Interestingly, both RS-Eq39 and RS-Eq40 differ from the other mentioned type III strain previously isolated from a pigeon in Serbia, RS-G13, which showed uncommon alleles for markers N60 and M102 with respect to the other strains isolated in Europe and was actually most closely related to a strain isolated from a sheep in Iran (IR-Sheep68) (Fig. 2).

Comparative MS marker analysis of genotypes of all 63 type III and type III-like isolates from Europe, the Americas, Africa, Asia and Oceania (Additional file 1: Table S1) revealed 59 distinct genotypes. Of the 63 analysed strains, a total of three were isolated from horses, which, in addition to the two from Serbia, include an isolate from horsemeat (TgA21035) imported from Canada into France [28].

Discussion

This study showed a T. gondii seropositivity in horses from Serbia of almost 50% at a 1:6 MAT cut-off value, and 12.4% at 1:25 as the cut-off value. The value obtained at the 1:25 cut-off is significantly lower than the 30.8% seroprevalence found in an earlier study [14] (performed with the same test at the same cut-off) and probably reflects the difference in the age of the horses, since the animals in the present study were significantly younger (P = 0.00056). Worldwide, the reported seroprevalence in horses ranges from 0 to 100%, and from 0 to 53% in Europe (rev. in [29, 30]). Recent studies in Europe have shown seropositivity rates of 1.7% in Greece [31], 10.8% in Spain [32], 3% [33] and 17.6% in Italy [34], 23% in the Czech Republic [35], 37.8% in Romania [36], and from 13 to 90% (depending on the cut-off) in France [37]. It is difficult to assess whether the reported data represent real differences in the seroprevalence of T. gondii infection or possibly reflect the use of different assays, different cut-offs for modified agglutination assays or perhaps intrinsic differences in the study samples regarding age and/or true origin of the animals.

Despite numerous serological data, reports of T. gondii isolations from naturally infected horses are quite rare. Interestingly, first isolations come from 50 years ago [3840], but after a long gap, the last few years have seen a renewed interest in this issue. In Brazil, T. gondii was detected in the brains of 3.5% (14/398) horses by mouse bioassay, according to presence of parasites in two mice (in brain and pex one each) or mouse IFAT seropositivity alone (in 12 cases) [41]. In Europe, two strains have only recently been isolated from the hearts of seropositive slaughter horses in Romania (by mouse bioassay), but were not genotyped [36]. In Italy, Papini et al. [34] have isolated three strains and genotyping by PCR-RFLP showed them to be of type I, II/III and III respectively. The isolation of two viable T. gondii strains from slaughter horses in Serbia described here is the first report in this country. It is interesting that both isolates belong to type III.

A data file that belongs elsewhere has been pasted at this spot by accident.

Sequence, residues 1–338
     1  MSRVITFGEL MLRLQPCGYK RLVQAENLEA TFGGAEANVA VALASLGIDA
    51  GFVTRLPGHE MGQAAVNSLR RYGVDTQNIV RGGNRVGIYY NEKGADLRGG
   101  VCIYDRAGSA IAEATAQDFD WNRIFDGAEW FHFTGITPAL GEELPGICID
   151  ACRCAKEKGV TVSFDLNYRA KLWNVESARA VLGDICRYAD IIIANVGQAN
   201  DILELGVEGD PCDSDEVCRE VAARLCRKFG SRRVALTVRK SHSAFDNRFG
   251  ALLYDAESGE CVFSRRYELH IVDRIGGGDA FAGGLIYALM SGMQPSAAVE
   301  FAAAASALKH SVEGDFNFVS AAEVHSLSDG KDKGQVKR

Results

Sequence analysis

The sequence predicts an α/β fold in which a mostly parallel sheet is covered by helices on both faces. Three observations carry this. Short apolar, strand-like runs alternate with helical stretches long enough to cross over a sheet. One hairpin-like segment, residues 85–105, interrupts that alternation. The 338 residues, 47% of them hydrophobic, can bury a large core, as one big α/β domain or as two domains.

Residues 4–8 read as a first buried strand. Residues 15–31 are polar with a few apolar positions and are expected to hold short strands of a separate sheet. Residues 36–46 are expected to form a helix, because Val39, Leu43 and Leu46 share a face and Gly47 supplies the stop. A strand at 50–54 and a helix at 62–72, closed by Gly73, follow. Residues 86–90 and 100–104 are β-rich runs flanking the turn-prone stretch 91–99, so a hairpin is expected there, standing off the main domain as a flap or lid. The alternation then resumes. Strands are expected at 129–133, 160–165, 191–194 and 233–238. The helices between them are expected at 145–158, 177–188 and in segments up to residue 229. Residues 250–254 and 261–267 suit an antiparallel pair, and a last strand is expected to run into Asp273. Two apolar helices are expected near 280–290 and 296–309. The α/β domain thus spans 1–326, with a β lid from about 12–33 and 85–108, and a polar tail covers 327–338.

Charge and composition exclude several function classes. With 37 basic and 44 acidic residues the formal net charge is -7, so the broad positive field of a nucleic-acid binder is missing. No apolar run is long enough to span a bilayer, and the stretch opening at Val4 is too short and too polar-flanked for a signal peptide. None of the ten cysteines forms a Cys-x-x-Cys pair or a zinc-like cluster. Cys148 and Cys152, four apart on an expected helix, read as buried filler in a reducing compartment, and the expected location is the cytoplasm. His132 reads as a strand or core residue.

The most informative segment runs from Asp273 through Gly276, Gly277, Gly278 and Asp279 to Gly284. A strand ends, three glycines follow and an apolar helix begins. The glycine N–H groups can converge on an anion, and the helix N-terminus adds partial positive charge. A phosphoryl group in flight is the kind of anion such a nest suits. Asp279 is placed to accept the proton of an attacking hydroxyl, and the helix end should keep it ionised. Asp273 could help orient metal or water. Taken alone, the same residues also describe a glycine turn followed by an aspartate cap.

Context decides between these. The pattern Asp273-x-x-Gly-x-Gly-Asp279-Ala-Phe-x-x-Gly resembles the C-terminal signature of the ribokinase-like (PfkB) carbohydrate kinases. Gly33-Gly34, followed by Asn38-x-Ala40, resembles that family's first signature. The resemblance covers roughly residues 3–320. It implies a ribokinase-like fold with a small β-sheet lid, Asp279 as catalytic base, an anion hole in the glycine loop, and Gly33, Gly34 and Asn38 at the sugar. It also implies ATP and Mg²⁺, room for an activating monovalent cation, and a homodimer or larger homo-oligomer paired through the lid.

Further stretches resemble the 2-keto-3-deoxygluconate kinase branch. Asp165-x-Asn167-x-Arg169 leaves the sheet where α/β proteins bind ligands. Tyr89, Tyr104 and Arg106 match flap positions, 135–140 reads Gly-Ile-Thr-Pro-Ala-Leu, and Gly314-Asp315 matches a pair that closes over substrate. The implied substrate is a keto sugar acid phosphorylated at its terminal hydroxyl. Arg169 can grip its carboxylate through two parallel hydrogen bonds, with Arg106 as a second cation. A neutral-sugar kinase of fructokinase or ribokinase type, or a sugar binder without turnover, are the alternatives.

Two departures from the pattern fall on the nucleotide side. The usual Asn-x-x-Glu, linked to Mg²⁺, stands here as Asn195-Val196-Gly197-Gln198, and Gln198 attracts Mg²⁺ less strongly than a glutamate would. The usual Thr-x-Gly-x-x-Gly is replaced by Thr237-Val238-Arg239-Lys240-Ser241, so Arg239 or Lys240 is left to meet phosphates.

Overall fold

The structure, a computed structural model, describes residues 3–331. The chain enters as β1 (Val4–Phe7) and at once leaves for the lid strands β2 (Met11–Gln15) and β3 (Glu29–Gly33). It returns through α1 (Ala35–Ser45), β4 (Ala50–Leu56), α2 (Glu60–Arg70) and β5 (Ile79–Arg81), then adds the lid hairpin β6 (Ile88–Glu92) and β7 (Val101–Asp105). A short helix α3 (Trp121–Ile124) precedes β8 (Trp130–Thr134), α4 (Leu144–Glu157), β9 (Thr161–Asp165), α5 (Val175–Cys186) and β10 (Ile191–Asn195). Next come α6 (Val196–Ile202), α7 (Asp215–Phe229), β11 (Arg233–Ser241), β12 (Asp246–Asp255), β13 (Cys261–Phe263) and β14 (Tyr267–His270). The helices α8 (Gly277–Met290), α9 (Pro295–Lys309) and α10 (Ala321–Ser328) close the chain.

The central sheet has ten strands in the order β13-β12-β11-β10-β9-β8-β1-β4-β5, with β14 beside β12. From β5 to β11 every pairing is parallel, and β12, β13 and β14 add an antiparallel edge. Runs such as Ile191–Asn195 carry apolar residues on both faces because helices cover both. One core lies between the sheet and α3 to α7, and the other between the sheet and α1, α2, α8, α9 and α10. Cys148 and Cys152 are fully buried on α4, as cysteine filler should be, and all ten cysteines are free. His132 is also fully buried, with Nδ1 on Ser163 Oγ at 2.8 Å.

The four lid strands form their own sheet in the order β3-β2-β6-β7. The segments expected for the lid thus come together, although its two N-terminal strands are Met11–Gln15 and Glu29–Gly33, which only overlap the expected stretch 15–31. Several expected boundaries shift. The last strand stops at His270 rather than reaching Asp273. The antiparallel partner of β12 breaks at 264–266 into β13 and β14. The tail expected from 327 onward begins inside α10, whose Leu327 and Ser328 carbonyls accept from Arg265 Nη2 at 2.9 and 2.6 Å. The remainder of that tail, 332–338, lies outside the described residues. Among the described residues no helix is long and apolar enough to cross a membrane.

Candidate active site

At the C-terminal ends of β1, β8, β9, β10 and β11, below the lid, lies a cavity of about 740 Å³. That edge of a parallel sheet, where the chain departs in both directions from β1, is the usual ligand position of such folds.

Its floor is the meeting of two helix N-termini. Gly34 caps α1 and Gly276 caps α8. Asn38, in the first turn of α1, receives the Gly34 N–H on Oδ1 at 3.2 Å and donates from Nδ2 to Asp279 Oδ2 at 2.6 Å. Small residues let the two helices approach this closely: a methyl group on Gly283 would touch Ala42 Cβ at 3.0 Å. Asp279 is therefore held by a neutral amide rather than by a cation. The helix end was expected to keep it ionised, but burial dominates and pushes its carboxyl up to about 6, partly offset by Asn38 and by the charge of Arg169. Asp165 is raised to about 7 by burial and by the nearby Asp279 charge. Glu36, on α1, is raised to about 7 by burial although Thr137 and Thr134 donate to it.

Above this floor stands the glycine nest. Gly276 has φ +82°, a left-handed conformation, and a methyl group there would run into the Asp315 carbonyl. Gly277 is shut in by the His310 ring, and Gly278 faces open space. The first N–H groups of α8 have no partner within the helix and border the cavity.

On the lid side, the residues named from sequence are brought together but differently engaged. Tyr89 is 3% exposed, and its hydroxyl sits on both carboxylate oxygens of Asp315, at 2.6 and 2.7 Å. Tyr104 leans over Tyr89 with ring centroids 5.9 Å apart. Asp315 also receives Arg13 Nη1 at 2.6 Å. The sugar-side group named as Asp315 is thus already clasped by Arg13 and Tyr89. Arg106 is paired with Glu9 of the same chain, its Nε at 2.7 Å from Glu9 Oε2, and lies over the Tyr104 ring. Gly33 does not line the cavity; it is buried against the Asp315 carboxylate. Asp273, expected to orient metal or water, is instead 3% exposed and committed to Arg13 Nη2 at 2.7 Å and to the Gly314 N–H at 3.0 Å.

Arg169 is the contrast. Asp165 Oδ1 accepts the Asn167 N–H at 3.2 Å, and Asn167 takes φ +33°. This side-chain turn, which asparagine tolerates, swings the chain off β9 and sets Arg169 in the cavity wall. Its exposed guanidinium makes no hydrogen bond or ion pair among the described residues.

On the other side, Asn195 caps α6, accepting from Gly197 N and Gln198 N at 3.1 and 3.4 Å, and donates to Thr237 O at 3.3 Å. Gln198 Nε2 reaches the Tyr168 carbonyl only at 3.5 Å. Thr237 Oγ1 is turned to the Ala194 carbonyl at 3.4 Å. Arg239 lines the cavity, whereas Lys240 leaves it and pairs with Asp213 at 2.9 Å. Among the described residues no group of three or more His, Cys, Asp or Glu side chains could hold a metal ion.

Archetypal type III and type III-like strains or DNA have been obtained from animals and human CT cases in Europe, and throughout the world (Additional file 1: Table S1). The two strains from Serbian horses are of archetypal type III, with the RS-Eq40 isolate sharing an identical MS genotype with strains with a very different geographical origin, within or from out of Europe (Gabon: TgA105011, France: TgA32122, Portugal: TgPiPr14), while the RS-Eq39 was most closely related to a strain isolated from a duck in Iran, IR-Duck38 (Additional file 1: Table S1; Fig. 2). This observed similarity between geographically distant strains may reflect recent clonal expansions of the Type III. On the other hand, in comparison to the only other horse isolate TgA21035 (a type III-like, from Canada), our two strains show differences on even 6 MS markers (B18, M48, M102, N60, AA, N83), demonstrating a different origin of these strains.

A worldwide distribution of type III T. gondii strains may be attributed to the proposed ancestral nature of type III relative to the other archetypal lineages [42, 43]. In Europe type III has mostly been isolated in Mediterranean countries (Additional file 1: Table S1) [4449]. Its more frequent representation in the Mediterranean perimeter is further suggested by the present isolation of type III strains from horses and a previous one from a feral pigeon in Serbia [20]. These findings point to the possibility of importation of strains, sometime in the distant past, perhaps originally from Africa, where type III is common both in urban and rural environments [3, 43]. Moreover, type III strains were isolated, more frequently than type II strains, from birds in Egypt and Iran [50, 51]. It is therefore possible that migratory birds have contributed to the spread of type III T. gondii into Europe. A more recent factor that may facilitate the spread of T. gondii of different genotypes throughout the world is globalization of trade and transportation.

The results of this study also present interesting information on the virulence of the isolated type III strains. The isolates themselves were initially of a weakly virulent phenotype; such type III strains have been described in Gabon (TgA105011 equals GAB1-2007-CAP-AEG6 in Mercier et al. [43]) and French Guiana (A. Mercier, unpublished data). However, our horse isolates seem unique in that their virulence increased in subsequent oral passages. An increase in T. gondii pathogenicity in mice has been historically documented following frequent i.p. passage, notably with type III strains [52], but oral inoculation has frequently led to a decrease in virulence [25].